The recent 2019 EU Directive on Copyright in the Digital Single Market (DSM) is meant (in part) to reinforce the importance and centrality of the author, journalist and artist when dealing with technology platforms, and some may view this as widening the gap between Europe and more market-oriented IP regimes such as that in the US. The DSM also creates EU-wide requirements for greater transparency in author-publisher contracts, although this may not represent a significant departure for German publishers, as to some extent these obligations are based on previous German copyright-contract laws but will require review and possible contract adjustments by other publishers.

One major issue that arises in publishing agreements is what lawyers refer to as “choice of law” – that is, is it the law of the author’s home country (which might be very protective), the law of the publisher’s home country (which may be less protective), or the law where a book is published (which may be a third country) that governs the relationship between the parties.  Given the many possible variations, especially if as often happens in science there are multiple authors from different countries, how can publishers organize their contract negotiations?  Certainly, one approach can be to simply insist that the law of the country where the publisher is located must govern the publishing contract (although it may be unpredictable whether that country’s law serves either party’s interest best). Even then, a court in a country with strong protective traditions around author’s right issues may not agree that local laws can be ignored completely. Another approach might be to accept that governing law will always be that of the author’s home, but that can require some significant business flexibility on the part of the publisher if for example further distribution rights or royalty provisions are inconsistent (or, frankly, if there are multiple authors).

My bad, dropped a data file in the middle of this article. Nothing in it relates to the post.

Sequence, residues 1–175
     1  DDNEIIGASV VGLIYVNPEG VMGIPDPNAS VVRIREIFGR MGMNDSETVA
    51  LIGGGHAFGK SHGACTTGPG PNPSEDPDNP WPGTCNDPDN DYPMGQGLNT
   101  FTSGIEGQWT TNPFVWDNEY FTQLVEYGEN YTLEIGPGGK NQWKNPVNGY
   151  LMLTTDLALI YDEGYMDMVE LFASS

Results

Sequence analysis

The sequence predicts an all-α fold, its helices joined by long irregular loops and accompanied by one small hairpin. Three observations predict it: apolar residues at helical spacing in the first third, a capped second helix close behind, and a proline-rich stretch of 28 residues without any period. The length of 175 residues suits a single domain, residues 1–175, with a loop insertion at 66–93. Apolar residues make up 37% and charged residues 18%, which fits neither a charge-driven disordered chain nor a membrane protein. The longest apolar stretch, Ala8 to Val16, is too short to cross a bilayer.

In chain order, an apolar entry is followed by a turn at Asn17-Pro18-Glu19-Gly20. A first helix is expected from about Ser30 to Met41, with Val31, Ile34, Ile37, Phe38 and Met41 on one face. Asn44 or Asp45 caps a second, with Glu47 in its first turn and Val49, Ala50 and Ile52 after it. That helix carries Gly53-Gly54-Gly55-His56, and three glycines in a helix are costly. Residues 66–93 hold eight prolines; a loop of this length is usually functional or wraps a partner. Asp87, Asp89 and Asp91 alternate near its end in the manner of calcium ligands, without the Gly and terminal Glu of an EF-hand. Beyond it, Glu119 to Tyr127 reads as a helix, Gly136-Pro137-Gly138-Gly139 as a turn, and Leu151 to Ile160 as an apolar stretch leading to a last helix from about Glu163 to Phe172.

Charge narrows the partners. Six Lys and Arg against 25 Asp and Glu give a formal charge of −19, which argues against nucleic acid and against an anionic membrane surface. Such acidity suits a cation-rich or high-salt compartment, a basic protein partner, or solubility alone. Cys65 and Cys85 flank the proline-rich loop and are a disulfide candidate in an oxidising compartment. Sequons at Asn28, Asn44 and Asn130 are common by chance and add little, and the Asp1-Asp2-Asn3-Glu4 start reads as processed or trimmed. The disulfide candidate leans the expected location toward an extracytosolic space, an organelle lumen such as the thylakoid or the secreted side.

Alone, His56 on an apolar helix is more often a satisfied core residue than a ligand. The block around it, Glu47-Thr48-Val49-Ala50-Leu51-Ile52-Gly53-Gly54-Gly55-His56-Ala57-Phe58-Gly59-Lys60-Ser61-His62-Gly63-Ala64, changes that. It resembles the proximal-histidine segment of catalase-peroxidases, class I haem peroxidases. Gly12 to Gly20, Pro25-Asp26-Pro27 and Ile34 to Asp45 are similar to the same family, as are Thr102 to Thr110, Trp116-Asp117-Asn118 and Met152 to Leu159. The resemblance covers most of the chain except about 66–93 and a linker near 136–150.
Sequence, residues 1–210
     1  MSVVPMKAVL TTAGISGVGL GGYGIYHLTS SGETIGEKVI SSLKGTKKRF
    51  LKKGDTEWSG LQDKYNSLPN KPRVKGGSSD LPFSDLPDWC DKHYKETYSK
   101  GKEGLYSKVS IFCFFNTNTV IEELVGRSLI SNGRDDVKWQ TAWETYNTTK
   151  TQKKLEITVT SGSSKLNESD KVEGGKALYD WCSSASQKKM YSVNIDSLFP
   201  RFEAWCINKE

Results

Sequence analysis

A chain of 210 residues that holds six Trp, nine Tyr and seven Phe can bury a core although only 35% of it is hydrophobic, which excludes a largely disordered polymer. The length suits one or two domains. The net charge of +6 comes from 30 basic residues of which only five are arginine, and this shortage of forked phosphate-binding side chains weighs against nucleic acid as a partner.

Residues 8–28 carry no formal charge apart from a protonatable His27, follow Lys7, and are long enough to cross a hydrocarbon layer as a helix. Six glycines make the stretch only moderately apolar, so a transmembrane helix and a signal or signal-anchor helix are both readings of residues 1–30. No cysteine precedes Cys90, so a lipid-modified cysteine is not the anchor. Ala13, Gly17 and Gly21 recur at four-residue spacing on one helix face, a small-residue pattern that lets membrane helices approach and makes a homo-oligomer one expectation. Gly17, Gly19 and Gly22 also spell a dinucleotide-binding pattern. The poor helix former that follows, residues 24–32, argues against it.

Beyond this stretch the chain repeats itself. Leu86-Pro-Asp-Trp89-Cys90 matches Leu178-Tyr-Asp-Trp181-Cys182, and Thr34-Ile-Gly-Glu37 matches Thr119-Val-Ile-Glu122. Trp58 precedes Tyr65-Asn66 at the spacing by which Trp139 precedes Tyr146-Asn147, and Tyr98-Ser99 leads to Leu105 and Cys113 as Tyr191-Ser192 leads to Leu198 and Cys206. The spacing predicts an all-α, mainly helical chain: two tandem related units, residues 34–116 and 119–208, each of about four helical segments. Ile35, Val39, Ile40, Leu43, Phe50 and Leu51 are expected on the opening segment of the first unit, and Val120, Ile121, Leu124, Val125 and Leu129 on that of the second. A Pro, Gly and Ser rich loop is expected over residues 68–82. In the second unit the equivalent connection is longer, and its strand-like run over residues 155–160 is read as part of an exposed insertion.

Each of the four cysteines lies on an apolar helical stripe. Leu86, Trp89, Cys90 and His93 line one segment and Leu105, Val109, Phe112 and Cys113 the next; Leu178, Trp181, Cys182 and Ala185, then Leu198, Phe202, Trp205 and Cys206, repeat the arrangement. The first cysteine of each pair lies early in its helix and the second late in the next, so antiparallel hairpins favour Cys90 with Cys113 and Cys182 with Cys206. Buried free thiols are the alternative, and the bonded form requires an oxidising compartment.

One tack that I have taken in negotiations over publishing agreements is to distinguish different stages of the work on a book in evaluating what law should apply.  An author creating trade works (and, as the cliché goes, working in her own garret) might reasonably expect that core authorship questions (what qualifies as authorship, the inherent rights and duration of those rights) should be governed by her own country’s law. On the other hand, it might be appropriate to address issues more properly “belonging to” the publisher, including such matters as distribution, sub-licensing and enforcement, under the publisher’s home country law.